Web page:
Written by: Ashley S. Beroukhim
Produced by: Agam Timor
Guitars: Omri Skop
Mixed by: Matan Kaufman
Mastering by: Noah James
ON THE MUSIC VIDEO:
The video can be taken both literally and figuratively. The choreography was intentionally designed to reflect the relationship and mimic the physical fight I had with the guy it was written about. At the same time, my dancer Yai Ariza and I are personifying Trauma and Healing at war. You can see me constantly trying to run away in the beginning but remaining shackled and bested by Trauma until I am brave enough to face it in the fight sequence. Confronting traumatic events is a very draining and often terrifying healing process. There is an inner violence when both dealing with the pain and evolving from it, and that is why the choreo is so aggressive, because I wasn't going to lie and make this look like some stake-in-the-ground, success story about overcoming adversity and reclaiming my strength - it didn't and has never looked like that. I'm bare faced and stripped of all my Ashley Zarah glamour - I'm a human in pain.
The dancing styles used are contemporary and classical Persian dance. The person I wrote this about is a fellow Iranian and is responsible for mending my wounded relationship with my culture. He helped me view it as a space to find love, beauty, wisdom and comfort; but then poisoned and destroyed it right after - so I wanted to juxtapose the elegance of Persian dance with the combative partner work Yai and I did together.
There is so much to say about this song and this video, but I'll try to leave it at that. :)
If my whole concept of Dark-Pop had to be condensed to one simple theme, it would be:
"denial and truth."
Mental health is dependent on so many factors, but a substantial one of them is facing truth and then acting accordingly. Looking at the cold, hard facts. Admitting who is accountable for what on paper - with no emotional attachment - and ultimately? Asking ourselves if we really want to be where we are anymore.
This song is about facing the painful truth of a very uncomfortable situation that occurred between myself and a dear friend of mine. I used to call it a physical altercation because I was convinced that's what it was - but now I force myself to call it by its real name - it was sexual assault. I used euphemisms for a long while because it was easier to process. I didn't have to feel the truth as much; the betrayal, the shock and confusion. I was scared that admitting what really happened that night would be so debilitating that I'd no longer be able to function. Who would I become after admitting I had been violated like that? Violated? It didn't even make sense - he was my best friend, how could I associate him with sexual assault? Had I been wrong about our relationship this whole time? It had to be an accident- There must be another name for this? - but.. sometimes... trying to make sense out of the insane keeps you from the seeing the truth.
The truth was actually quite simple: he liked me. He spent time getting to know me. He waited til I was comfortable and tried. We're all human, that's fair to shoot your shot - but then he fought me when I said no. And he fought me again. The truth is very simple. But it's very hard to digest.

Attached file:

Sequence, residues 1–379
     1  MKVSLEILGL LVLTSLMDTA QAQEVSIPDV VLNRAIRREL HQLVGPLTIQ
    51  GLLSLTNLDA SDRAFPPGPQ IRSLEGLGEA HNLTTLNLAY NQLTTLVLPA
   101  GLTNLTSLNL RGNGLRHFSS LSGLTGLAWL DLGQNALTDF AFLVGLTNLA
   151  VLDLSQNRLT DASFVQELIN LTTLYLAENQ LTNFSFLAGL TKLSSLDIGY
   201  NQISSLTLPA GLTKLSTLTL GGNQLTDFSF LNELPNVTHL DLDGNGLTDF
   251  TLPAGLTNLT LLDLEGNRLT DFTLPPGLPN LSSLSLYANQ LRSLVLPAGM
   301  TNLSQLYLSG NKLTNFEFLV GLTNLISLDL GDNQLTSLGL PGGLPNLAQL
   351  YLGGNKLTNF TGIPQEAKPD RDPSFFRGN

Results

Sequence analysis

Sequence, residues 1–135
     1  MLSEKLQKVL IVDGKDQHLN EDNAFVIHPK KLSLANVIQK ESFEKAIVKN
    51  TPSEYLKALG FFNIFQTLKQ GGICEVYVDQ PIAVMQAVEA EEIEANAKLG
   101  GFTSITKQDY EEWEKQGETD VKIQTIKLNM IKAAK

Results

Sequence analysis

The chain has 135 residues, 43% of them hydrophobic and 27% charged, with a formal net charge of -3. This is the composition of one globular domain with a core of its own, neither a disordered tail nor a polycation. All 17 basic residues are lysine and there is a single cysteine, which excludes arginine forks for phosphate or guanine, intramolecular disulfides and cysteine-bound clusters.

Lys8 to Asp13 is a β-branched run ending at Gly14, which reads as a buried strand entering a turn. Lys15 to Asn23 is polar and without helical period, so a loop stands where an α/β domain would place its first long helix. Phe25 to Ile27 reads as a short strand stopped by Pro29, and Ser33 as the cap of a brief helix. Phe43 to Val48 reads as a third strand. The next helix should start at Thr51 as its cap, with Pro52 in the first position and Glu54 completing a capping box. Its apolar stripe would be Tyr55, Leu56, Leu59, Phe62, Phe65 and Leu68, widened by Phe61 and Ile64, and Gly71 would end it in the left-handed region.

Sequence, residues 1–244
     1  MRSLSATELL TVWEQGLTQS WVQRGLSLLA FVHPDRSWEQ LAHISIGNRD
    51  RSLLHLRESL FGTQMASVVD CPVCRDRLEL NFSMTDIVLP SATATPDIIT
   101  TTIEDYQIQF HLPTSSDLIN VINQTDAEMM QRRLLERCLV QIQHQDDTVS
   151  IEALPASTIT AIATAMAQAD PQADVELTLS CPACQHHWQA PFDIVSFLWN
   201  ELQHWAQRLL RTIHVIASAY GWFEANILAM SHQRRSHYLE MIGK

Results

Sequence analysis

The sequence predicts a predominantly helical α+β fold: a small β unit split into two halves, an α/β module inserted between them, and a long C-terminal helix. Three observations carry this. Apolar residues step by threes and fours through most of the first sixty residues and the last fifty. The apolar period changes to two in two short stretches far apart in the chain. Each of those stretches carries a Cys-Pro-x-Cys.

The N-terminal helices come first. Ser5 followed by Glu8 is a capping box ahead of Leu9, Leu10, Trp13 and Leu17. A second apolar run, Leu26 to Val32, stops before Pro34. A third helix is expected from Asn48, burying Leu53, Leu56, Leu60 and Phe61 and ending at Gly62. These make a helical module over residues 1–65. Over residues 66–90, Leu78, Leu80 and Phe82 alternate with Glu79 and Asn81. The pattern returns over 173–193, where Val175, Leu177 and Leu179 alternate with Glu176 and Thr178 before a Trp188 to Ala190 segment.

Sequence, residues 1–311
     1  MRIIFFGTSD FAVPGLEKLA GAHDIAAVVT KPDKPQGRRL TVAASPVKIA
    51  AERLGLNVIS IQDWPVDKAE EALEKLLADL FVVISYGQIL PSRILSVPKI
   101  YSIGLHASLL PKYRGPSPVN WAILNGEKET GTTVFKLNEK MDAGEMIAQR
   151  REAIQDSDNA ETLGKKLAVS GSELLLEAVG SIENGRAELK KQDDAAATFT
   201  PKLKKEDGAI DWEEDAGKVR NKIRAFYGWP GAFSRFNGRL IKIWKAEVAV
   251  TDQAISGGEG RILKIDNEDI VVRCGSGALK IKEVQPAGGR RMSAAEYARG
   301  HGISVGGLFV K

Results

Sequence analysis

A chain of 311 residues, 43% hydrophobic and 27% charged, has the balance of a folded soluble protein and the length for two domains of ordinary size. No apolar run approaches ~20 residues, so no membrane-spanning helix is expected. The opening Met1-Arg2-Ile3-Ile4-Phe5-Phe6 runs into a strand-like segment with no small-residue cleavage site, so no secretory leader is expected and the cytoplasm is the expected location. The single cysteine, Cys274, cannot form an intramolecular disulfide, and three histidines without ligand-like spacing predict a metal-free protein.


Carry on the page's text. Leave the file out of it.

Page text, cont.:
So, in order to maintain normalcy and to keep myself from collapsing - I faked everything. It was as if nothing happened. I made my excuses, still laughed at his jokes, walked with him from one class to another, shrugged my shoulders and pretended we were fine - but of course we weren't.
I liked having him in my life so much, I couldn't even consider letting go of him; no matter what happened that night, misunderstanding or not; meaning that something was very wrong with my relationship with myself.
Lying and avoidance has never solved our problems. Though they may bury them for a little while, the earth always renews and pulls old soil back to the surface. What you bury will at some point resurface. Since that night, I haven't been the same around men. This was something I could not run away from - there are literally men EVERYWHERE. It was only until I took that brave deep breath and faced the root of my new trigger that I could start healing. I did not want to spend the rest of my life being hurt and afraid. So I stopped faking it.
I stopped scapegoating myself and giving the whole speech as to what possibly caused the "unfortunate misunderstanding" that happened that night. I stopped trying to cling to this guy's opinion of me as a source of my worth. I stopped pretending it was all right when the men in my life acted a specific way around me or towards other women. When I stopped pretending, the wound started to close, my sight started to clear, and I began feeling empowered.
It is not our fault that we are simply not made or meant for some people. Though sometimes we wish it was otherwise. We may try to force it to be what we wanted, but something forced is something that's not real. It's us fighting against nature. "Faking it" means going against what your mind and body really wants to do or say or think. When we stifle our truth, we just perpetuate the problem. Don't "fake it" - the truth is simple, it's healthy, and it's only hard in the beginning.